I think though that it is the creative side that has overtaken your project at the expense of providing a succinct way of describing what it is that you think you’ve discovered and in a manner that can convince folks like Al.
    Or, to put it another way: novelty and revolutionising have been put before finding out what is true. It’s creative, okay, but it’s wrong.

    Plants simply don’t have culture like humans have culture and you cannot conduct an ethnography of a plant in anything like the way you can conduct an ethnography of a human society. What ethnographic methods could one seriously employ in studying maize? Living as a cornstalk? Interviews with prominent cobs? Swaying gently in a Nebraska summer breeze? Being dampened, bin-conditioned, and husked?
 
    If ethnography is a method, it is inapplicable to maize. If it means more than just writing about imitation and social learning, and I think it does, then it cannot be employed in the way you think it can. If anthropology means that we study people and not ‘culture’ arbitrarily widely construed, and it does, then to move into studying maize is equivalent to moving away from anthropology and into botany. I can’t see a reasonable comeback to this – whether in principle or in what Hartigan has written.

    I don’t doubt that there are some smart creatures out there. But a) they are smart in different ways to human beings; b) they probably can’t be studied in the same way humans can be, largely because you’re a human and not, say, a dolphin, and you probably can’t speak a dolphin language (even in principle); c) being somewhat able to transmit knowledge and emotion is not equivalent to human oral literature or music or a dictionary or whatever else; and d) culture is not equivalent to mere transmission of arbitrary traits. Also: there are plenty of smart people who study smart animals, and they don’t need to call themselves something that they aren’t.

    Your whole shtick rests on a false equivalence between humans, or specific human traits, and other animals, and that really doesn’t fly. People are different. That’s why we have so many departments devoted to studying human things – political science, comparative literature, gender studies, international relations, socio-legal studies, paleoanthropology, archaeology, social anthropology, cultural studies, sociology, lexicography, library science, and so on.

    People are different from other animals, at the very least from the perspective of division of labour, and it’s a wonder to me that there’s so little open scepticism about this stuff from other anthropologists. I bet they’d sing a different tune if Steven Pinker said what Hartigan is saying, but no one wants to look unsophisticated in front of the trendy theorists. It’s those tailors again.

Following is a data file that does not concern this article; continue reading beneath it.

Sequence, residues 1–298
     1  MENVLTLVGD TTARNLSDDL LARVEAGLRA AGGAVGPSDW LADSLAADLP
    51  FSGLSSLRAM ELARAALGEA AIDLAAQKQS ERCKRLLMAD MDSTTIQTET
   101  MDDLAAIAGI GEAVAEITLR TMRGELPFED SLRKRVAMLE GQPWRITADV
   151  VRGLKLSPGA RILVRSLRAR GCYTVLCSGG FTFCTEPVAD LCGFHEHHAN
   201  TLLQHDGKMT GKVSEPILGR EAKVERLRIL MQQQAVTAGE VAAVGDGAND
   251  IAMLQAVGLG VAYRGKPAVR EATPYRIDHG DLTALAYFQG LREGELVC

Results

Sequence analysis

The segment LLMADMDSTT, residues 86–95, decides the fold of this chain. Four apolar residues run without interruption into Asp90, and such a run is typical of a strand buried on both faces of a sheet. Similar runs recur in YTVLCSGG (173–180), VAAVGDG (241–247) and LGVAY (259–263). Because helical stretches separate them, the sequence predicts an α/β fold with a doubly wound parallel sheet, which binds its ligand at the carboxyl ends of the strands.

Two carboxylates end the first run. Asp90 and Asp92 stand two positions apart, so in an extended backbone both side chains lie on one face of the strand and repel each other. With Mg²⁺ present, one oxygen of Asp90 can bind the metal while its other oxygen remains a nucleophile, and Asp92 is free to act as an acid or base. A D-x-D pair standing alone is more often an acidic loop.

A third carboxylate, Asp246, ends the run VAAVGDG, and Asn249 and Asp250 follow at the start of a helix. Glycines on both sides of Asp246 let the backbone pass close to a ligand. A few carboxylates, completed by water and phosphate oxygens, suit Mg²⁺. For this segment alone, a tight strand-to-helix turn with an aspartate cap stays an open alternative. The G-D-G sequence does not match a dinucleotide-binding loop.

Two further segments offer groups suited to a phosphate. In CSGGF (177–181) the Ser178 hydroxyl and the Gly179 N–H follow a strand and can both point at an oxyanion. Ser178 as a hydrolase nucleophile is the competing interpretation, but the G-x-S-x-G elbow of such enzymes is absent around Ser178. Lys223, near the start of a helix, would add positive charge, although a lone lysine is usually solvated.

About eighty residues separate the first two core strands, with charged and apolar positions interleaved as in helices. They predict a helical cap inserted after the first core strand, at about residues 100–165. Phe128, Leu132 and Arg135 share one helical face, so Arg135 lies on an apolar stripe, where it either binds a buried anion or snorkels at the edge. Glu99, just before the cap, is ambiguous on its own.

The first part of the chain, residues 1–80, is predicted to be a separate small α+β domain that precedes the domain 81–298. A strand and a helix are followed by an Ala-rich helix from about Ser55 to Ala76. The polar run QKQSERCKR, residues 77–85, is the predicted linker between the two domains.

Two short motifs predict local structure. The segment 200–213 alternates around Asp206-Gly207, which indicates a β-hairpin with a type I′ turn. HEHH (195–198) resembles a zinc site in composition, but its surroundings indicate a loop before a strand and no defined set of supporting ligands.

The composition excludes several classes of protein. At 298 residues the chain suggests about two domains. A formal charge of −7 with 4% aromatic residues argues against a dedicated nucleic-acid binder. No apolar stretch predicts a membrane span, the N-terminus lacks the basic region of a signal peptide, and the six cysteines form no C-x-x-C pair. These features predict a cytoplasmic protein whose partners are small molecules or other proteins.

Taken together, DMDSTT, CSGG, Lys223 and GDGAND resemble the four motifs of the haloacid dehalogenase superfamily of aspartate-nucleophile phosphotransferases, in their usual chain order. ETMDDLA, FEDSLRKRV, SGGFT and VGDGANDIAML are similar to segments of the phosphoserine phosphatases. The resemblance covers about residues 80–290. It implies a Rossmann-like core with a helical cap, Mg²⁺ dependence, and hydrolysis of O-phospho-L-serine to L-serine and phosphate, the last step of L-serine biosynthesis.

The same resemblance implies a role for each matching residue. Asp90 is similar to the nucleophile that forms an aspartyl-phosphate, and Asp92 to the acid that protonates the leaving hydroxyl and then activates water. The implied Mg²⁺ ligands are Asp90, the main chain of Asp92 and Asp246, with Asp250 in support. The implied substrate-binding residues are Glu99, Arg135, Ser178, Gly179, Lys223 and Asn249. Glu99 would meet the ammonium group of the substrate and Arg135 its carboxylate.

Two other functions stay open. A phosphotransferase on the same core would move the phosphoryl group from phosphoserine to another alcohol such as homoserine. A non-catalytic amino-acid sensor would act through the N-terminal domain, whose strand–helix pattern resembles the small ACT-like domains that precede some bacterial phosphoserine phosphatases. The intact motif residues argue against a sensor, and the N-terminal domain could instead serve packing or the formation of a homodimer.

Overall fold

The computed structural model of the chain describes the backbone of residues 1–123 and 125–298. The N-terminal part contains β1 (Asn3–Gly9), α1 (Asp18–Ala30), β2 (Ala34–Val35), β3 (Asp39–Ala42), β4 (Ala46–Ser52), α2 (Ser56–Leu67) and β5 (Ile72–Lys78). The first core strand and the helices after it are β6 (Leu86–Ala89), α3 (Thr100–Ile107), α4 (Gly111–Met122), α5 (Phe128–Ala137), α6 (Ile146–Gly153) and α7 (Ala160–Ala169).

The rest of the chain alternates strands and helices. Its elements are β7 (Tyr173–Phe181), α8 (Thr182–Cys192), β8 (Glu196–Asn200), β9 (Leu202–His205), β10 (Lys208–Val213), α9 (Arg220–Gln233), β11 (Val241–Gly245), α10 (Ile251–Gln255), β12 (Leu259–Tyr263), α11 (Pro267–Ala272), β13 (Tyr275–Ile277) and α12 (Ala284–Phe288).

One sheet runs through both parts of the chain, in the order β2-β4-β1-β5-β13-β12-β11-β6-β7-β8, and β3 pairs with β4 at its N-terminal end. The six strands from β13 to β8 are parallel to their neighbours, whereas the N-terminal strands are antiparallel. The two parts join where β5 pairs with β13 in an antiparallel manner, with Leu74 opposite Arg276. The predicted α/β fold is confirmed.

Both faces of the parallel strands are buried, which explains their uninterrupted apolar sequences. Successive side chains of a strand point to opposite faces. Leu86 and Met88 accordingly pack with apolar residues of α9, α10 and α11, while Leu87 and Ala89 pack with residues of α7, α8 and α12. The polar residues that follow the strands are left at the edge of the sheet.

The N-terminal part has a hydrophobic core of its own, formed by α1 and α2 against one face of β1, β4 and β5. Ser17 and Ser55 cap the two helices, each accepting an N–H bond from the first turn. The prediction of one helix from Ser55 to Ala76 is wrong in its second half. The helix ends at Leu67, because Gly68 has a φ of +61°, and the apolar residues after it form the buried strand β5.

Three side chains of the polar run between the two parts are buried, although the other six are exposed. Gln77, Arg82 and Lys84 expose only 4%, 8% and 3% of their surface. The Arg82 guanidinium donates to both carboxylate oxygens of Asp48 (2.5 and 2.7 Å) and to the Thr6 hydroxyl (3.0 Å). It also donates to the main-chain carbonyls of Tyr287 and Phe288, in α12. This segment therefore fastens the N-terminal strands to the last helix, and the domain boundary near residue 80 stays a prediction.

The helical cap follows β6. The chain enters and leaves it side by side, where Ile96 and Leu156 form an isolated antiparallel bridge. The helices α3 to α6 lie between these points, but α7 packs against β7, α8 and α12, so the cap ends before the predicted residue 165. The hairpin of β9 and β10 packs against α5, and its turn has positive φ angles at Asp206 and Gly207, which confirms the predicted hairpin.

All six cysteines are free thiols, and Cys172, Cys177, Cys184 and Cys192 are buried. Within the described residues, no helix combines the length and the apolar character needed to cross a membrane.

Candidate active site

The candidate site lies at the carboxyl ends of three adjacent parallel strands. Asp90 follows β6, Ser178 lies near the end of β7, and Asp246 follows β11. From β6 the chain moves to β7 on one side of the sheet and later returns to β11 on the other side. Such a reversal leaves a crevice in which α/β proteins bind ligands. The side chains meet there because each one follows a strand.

No one’s saying you can’t study plants or animals. You can. But there are already plenty of academic disciplines for this and anthropology isn’t really one of them.

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Well, I find this all a little embarrassing, as someone with a degree in anthropology. It's as if these people think funding is limitless and disciplinary reputation doesn't matter. One day I don't doubt these things will disappear from the discipline, but I have equally little doubt that they will be replaced by newer and even zanier fashions, and that's rather sad. I suppose the only strategy is to confront this stuff head on.

3 comments:

  1. Had you read my references to Eduardo Kohn's book, you would have came to find that trees have selves, they interpret signs (because general interpretation is much more complex than human thought processes), and they also have culture! Yes, trees have culture. Since they do then corn certainly must so too. Believe me. It is in Kohn's book: Don't ask for me to summarize the book's logically consistent arguments because there are none. It jus reads good. And good reading is all that counts. Hence, I win you lose. I think.

    Signed,
    a concerned reader

    ReplyDelete
    Replies
    1. I feel like I should pick up a copy of Kohn's book. It seems like it'll become a Latourist classic, one they cite regularly and seriously as you do in jest. I'm sure it's a laugh riot.

      Delete
  2. "trees have culture"

    ReplyDelete

You can post anonymously if you really want to, but I would appreciate it if you could provide some means of identifying who you are, if only for the purpose of knowing who has written what.